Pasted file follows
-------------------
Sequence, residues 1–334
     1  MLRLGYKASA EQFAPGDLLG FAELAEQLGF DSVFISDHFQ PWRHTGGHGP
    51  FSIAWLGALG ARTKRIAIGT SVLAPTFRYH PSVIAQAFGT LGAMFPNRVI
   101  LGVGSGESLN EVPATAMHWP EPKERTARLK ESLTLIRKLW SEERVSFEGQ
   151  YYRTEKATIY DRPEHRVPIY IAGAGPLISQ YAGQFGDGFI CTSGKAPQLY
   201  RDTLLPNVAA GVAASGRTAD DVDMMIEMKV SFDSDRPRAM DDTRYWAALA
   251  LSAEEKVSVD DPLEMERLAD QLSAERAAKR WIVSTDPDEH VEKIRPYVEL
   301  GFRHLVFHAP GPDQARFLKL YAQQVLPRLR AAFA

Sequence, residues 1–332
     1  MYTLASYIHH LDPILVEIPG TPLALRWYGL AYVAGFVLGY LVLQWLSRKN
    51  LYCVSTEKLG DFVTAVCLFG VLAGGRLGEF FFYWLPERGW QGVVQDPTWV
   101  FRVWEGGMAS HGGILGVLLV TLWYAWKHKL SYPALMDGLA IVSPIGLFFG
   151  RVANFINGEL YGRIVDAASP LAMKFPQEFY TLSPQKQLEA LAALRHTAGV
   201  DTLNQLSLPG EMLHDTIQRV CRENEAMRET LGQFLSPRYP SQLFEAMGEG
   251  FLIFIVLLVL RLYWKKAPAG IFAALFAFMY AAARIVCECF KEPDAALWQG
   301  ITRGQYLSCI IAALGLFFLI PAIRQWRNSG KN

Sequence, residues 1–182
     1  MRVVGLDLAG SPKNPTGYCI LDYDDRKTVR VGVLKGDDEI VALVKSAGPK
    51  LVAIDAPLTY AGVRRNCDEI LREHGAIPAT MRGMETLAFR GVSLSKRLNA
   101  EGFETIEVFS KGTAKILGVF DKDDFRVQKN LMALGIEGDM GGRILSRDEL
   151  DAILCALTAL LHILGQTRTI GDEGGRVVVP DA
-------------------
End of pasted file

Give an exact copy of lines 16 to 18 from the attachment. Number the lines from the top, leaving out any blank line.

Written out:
   301  ITRGQYLSCI IAALGLFFLI PAIRQWRNSG KN

Sequence, residues 1–182
     1  MRVVGLDLAG SPKNPTGYCI LDYDDRKTVR VGVLKGDDEI VALVKSAGPK